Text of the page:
Using Bohr’s method, we find L = mω = h/2π ω = h/2πm hω/4π = ke ^{2}/hr
h/2πm = 4πke r = 8π This gives us the Think of the orbit like a big spinning particle, of radius r. That big particle has an angular momentum. The electron also has an angular momentum. Bohr has conflated the two. His equations are a mixing of both values. So he has made two big errors. One, he has used the wrong equation for angular momentum, based on a mistaking of tangential and orbital velocity. Two, he has a false equality. If our first equation (mω We will also see in subsequent papers that Schrodinger’s equations do not solve this problem. Schrodinger has Bohr’s principal quantum number and also a separate angular momentum quantum number, but he does not assign these physically. Because we don’t get the mechanics, the math is unclear. And Schrodinger’s equations retain the errors of Bohr in going from linear to angular velocity. That is, Schrodinger still uses a false angular momentum equation. L = rmv was not corrected by Schrodinger, and it has never been corrected since. Can we still find a Bohr radius? Let us assume that the first equation is right, after correcting the momentum equation. mω But we have two unknowns, r and ω, and only one equation. We can’t solve without another equation, and Bohr’s momentum equations are false. Let us first try using c for v. We will assume the tangential velocity of the electron is maximized. So we simply return to the equation ω = √[2r√v ^{2} + r^{2}) - 2r^{2}]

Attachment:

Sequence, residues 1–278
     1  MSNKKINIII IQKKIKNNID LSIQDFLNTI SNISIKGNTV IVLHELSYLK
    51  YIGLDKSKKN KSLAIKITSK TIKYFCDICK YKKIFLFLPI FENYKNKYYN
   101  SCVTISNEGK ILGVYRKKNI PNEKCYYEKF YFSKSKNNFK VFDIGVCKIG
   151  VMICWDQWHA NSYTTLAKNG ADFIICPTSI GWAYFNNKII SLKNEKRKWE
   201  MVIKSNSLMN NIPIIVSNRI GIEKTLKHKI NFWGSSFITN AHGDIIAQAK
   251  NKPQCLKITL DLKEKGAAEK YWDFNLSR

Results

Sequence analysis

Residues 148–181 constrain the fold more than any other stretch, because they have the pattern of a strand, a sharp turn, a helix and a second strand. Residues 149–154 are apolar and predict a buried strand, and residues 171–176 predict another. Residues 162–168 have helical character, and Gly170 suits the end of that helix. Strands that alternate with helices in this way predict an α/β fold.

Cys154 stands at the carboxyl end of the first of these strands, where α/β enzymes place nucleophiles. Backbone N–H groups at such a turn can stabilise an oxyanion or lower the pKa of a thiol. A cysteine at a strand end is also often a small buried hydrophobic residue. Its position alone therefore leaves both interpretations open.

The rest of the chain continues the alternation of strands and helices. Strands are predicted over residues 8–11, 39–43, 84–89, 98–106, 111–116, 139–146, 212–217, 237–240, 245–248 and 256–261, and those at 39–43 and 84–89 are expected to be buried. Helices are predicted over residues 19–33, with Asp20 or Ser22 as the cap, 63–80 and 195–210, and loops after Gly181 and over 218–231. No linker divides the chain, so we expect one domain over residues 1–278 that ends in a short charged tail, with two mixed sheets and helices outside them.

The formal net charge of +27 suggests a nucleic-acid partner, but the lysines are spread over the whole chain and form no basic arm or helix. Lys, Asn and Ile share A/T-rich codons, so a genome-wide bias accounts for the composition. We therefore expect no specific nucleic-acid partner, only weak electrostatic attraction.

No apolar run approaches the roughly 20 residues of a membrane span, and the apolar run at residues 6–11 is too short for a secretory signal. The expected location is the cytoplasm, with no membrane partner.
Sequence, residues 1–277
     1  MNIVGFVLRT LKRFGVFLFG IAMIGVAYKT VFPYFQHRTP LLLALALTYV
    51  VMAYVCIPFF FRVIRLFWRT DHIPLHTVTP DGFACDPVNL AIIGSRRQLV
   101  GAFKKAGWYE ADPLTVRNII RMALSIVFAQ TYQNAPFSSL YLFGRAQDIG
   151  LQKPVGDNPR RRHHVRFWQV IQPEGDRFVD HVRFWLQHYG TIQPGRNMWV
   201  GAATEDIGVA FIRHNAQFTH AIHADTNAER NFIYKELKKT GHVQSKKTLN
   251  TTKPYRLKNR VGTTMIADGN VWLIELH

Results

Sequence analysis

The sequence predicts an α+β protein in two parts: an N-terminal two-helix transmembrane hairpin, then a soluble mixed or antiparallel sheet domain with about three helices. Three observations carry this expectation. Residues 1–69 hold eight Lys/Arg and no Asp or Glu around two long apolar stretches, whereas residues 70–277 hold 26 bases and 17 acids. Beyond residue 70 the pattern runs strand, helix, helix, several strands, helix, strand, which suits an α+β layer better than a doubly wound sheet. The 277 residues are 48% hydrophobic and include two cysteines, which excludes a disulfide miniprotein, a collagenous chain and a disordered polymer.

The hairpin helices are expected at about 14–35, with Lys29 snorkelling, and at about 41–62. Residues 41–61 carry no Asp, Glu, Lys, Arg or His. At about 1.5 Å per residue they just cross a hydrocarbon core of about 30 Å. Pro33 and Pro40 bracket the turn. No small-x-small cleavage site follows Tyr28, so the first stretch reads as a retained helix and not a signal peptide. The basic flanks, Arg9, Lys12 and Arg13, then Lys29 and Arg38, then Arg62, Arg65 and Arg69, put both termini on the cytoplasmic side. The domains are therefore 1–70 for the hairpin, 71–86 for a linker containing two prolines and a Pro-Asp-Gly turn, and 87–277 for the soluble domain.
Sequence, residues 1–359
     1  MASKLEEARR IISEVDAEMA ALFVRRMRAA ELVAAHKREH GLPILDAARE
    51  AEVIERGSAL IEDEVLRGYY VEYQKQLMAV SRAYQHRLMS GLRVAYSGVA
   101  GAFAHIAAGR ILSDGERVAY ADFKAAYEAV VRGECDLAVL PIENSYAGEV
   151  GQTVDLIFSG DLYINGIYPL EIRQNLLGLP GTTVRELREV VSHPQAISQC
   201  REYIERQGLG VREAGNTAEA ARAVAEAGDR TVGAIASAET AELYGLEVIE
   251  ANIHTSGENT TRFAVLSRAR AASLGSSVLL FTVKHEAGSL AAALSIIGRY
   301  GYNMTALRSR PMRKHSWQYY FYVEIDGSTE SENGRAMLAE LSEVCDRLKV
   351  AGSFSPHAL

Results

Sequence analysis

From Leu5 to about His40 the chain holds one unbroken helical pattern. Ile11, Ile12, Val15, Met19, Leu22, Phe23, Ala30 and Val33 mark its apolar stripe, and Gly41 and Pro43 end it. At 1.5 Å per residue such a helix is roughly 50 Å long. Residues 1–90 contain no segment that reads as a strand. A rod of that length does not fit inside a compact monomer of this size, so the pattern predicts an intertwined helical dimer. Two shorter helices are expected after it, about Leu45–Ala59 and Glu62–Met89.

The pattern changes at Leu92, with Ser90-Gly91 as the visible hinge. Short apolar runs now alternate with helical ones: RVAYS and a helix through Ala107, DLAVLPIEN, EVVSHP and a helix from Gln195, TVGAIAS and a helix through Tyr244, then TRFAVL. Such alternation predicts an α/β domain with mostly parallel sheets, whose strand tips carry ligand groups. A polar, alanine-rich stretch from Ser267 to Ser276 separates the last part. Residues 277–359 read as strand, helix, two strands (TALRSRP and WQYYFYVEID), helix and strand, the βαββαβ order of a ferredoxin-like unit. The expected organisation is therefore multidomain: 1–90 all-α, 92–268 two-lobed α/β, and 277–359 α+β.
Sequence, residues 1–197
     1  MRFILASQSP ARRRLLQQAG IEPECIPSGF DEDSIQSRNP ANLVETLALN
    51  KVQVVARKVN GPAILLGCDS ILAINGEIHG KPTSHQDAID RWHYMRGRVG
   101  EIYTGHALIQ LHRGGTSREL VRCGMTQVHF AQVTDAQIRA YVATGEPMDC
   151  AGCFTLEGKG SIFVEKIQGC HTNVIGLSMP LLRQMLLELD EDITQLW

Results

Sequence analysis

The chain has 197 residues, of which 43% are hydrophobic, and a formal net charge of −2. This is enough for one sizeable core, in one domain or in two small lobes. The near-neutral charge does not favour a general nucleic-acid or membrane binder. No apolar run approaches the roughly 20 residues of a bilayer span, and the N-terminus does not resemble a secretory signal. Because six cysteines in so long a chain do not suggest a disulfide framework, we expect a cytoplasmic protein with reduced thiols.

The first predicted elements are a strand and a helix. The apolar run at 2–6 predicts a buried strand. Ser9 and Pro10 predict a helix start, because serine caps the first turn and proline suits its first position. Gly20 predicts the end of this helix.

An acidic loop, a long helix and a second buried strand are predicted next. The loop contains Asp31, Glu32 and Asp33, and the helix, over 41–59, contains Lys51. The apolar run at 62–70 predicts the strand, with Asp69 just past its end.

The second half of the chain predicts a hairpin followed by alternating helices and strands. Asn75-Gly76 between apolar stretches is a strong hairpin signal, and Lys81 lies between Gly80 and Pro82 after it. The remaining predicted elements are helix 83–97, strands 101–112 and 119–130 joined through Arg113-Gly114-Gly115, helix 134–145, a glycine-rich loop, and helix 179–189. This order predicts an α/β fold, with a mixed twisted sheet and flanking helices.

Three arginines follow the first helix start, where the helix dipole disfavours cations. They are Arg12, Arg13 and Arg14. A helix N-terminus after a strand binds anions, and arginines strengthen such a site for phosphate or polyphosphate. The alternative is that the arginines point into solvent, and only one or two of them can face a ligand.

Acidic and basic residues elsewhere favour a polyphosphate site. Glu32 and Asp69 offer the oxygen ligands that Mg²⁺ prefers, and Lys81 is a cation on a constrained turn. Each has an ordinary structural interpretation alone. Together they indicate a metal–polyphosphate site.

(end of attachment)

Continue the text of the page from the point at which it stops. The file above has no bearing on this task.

mω r√c We can simplify that by noticing that the left side will be dominated by c, allowing us to omit values of r. cr = ke r = √ke That’s way too large, so we know something is still wrong. Let’s try using Bohr’s radius to find the angular velocity. ω = √2ke^{2}/mr] = 3.09 x 10^{6}m/s